After I posted the other day about building a pinhole camera, I immediately ordered a body cap from eBay. Last night it arrived, and here’s how I made my pinhole camera.
Making the pinhole “lens”
Not only do pinholes have to be tiny in diameter, they should also be made through a thin material. I didn’t even attempt to make a pinhole directly in the body cap. I drilled a 10mm hole and superglued a piece of tin foil over the hole. Using a fine pin, I made a small hole.
Uh, that’s it. Most guides I write have more steps than this, but making a pinhole “lens” for an SLR really is this easy.
What’s the f-number?
The formula for working out the f-number is pretty simple:
focal length f-stop = ----------------- aperture diameter
The aperture diameter is the diameter of the pinhole, and the focal length is the distance between the film and the pinhole.
The Canon AE-1 Program has a small mark on the side to indicate the position of the film plane. The rough distance between this mark and the pinhole is 36mm. Getting a decent estimate of the pinhole is a little trickier, as I need to measure the diameter of the pinhole. The best I could come up with was to take a picture of the pinhole next to a ruler with my Fuji S9600 and a macro lens.
I reckon that’s approximately 0.2mm across.
36 f-stop = ----- = 180 0.2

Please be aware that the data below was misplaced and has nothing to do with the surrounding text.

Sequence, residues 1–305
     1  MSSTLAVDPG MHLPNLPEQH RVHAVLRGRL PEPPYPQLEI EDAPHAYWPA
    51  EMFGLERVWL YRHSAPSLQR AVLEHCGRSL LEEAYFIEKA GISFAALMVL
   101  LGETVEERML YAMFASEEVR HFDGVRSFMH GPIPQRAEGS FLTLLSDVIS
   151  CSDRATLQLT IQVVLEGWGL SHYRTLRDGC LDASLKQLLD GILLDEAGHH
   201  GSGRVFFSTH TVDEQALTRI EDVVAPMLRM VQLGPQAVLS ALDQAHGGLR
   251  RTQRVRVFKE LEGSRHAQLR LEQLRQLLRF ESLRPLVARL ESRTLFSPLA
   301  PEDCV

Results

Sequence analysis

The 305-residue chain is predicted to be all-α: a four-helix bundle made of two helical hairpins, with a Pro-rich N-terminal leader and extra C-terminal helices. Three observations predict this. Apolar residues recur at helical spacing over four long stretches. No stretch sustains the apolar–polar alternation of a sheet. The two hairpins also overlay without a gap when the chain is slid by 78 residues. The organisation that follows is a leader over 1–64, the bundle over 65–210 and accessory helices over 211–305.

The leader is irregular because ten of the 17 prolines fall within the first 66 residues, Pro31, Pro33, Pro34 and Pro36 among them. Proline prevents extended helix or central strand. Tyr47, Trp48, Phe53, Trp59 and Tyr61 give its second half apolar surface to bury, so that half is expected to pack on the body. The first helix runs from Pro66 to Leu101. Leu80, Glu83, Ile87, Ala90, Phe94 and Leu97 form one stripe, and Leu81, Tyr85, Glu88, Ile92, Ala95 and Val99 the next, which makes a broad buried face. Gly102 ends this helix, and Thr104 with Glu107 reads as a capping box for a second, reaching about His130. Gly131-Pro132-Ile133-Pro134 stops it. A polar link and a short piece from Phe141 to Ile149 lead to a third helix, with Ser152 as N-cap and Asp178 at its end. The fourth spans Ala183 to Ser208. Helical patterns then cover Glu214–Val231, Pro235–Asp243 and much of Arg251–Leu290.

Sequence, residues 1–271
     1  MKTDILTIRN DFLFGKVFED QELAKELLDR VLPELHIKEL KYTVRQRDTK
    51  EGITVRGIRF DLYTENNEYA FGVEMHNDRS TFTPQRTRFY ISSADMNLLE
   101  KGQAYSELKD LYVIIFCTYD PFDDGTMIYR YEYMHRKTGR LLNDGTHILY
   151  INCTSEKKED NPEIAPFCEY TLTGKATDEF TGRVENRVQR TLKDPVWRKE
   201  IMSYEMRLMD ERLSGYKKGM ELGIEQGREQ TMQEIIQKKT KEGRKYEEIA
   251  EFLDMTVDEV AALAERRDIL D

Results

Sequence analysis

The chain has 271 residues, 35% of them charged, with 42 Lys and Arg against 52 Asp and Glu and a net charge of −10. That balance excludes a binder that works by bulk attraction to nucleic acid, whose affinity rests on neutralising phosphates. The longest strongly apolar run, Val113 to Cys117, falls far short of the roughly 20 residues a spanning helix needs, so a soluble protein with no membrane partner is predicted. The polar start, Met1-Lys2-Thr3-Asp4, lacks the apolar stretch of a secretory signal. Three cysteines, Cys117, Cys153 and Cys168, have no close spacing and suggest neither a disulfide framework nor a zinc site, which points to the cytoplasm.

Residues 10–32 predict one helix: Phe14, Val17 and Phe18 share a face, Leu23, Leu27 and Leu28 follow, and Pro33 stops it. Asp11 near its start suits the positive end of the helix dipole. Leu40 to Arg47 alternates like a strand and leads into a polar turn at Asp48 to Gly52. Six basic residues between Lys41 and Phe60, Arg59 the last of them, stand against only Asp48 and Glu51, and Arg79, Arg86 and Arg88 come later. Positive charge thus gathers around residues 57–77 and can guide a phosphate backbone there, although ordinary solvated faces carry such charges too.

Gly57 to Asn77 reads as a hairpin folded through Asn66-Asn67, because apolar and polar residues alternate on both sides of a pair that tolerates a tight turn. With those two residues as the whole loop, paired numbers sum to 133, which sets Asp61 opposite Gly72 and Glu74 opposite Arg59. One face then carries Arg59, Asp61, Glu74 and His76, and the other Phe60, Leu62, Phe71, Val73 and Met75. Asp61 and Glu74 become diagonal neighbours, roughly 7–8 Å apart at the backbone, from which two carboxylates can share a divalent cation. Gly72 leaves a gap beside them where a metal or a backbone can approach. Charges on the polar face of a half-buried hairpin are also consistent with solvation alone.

So this is a pretty tiny aperture, and we are going to need long exposures to get it to make a decent picture on film.
Earlier on I pointed the camera out of my window. With the shutter set to its slowest value of 2 seconds, the meter reckoned it wanted an aperture of 8. 180 is 22 times greater than 8, so I need to make my shutter 22 times longer than 2. So we are talking 40-odd seconds for outdoor landscape photography in daylight on ISO200 film. In lower light conditions and perhaps on ISO125 film (such as my Ilford FP4) it’s easy to see that I might need to expose for 2 or 3 minutes.
Although 2 seconds is the longest my SLR can do automatically, it has a mode where the photographer can hold the shutter release for as long as necessary. Never thought I’d need a stopwatch for my photography! 🙂
The advantage of making a removable pinhole lens is that I can carry it around and easily change between lenses.
Keep an eye on my photo blog. When I’ve got this film developed I’ll scan and post the pinhole images there.
Update: I have now uploaded some of the pinhole photos.
4 thoughts on “My 35mm pinhole camera”
Great stuff! I made a pinhole for my EOS 20D. The results were quite interesting.
Grr, it’s times like this I wish I hadn’t bought 36-exposure film. I’m about halfway through this roll and don’t have any immediate ideas for photos, but I want to see the pinhole photos I’ve taken so far!
You’d think that in this day and age, somebody would have invented something better than film…